It's been an extremely busy month here at Mythical Ireland, following my involvement in the biggest archaeological find of a lifetime here in the Boyne Valley with a new henge found near Newgrange. I've been doing a lot of media interviews for the past month. Now, I am also featured in several podcasts.
It was a big honour for me to be interviewed by the "Standing With Stones" duo of Michael Bott and Rupert Soskin for their first "podcast special". We discussed, among other things, the discovery of the new henge at Newgrange, the astronomy of the ancient monuments and of course mythology too. The discussion flowed, and indeed we could probably have spoken for several hours. However, we managed to condense it into just one! Here's what Standing With Stones said in their introduction to the podcast:
"Anthony Murphy will be well known to many of you as the host of the Mythical Ireland website - but even more people recognise him now as the man who discovered a new henge monument less than a kilometre away from Newgrange and that will now take its place in the pantheon of Brú na Bóinne monuments.
Rupert and Michael ask Anthony what it's like to discover a new henge and how it came about, but more importantly, delve into the fascinating relationship between the archaeological, the mythical and the astronomical that is uniquely displayed by the Boyne Valley monuments - if, as Anthony does, you know where to look!"
Meanwhile, I had just completed one podcast interview with Mindie Burgoyne of Thin Places Tours when I made the henge discovery. So Mindie came back and interviewed me for a separate podcast about that discovery. Here's the introduction to the first podcast interview:
Welcome to Episode 13 of the Thin Places Travel Podcast. Our featured guest for this episode is Anthony Murphy, an expert on the history and mysteries surrounding the ancient monuments in the Boyne Valley in Ireland. This is the first of two interviews. The second interview (Episode 14) follows this episode, and in that interview, Anthony discusses a once-in-a-lifetime discovery he and his friend made when they discovered new monuments in the Boyne Valley. Be sure to carry your listening through to the second interview. Listen to the first podcast interview here:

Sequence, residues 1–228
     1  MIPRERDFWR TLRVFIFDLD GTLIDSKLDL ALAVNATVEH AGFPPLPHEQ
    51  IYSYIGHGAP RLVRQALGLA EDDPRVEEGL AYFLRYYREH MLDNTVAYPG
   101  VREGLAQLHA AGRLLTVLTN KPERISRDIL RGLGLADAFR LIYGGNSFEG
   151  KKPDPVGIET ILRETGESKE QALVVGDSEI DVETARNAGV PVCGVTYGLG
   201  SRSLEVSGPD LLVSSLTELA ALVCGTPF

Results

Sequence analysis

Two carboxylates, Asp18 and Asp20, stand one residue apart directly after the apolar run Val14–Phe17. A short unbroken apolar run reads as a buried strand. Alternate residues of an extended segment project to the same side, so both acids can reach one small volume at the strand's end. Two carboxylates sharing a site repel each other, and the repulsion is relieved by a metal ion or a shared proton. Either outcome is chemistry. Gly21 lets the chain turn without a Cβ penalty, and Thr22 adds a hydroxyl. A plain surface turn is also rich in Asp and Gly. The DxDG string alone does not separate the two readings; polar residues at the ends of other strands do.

And here is the introduction to the second Thin Places podcast interview, this time about my discovery of the new henge of Newgrange:
A Once-in-a-Lifetime Discovery: Anthony Murphy and friend find a new henge near Newgrange
This episode is a follow up to episode 13 where I interviewed Irish ancient monument expert, Anthony Murphy. Anthony is a husband and father of five who currently works full time as a journalist. He spends a portion of his free time examining, studying and photographing the ancient monuments in the Boyne Valley – a World Heritage Site. This Valley is not too far from where Anthony lives and if you follow his facebook page – Mythical Ireland, you’ll see that he gets out quite often to photograph the area at various stages of daylight and twilight throughout the changing seasons of the year.
You can listen to the podcast here:
Enter the ‘Ancient Sites’ section of this blog for a fascinating and wide-ranging exploration of the megalithic and sacred sites of Ireland. Find out all about the Stone Age and prehistoric ruins and learn more about the possible functions and alignments of these sites. Visit the great temples of Brú na Bóinne, the Hill of Tara, the ancient cairns of Loughcrew among many others.
Explore the ancient myths, legends and folklore of Ireland and their meaning. Read the epic Táin Bó Cuailnge, or the place-name myths in the Dindshenchas. Learn about how the Tuatha Dé Danann and the Milesians came to Ireland and how the early texts describe various invasions of prehistoric Éire. Hear about Fionn and the Fianna, and discover how some myths might contain information about astronomy and the stars.
There is no doubt that the ancient megalith builders had a substantial knowledge of the movements of the sun, moon, planets and stars through the heavens. Learn more about just how complex and impressive this knowledge was. There is evidence that the people of the Neolithic knew about the 19-year Metonic cycle of the moon, as well as being able to predict eclipses.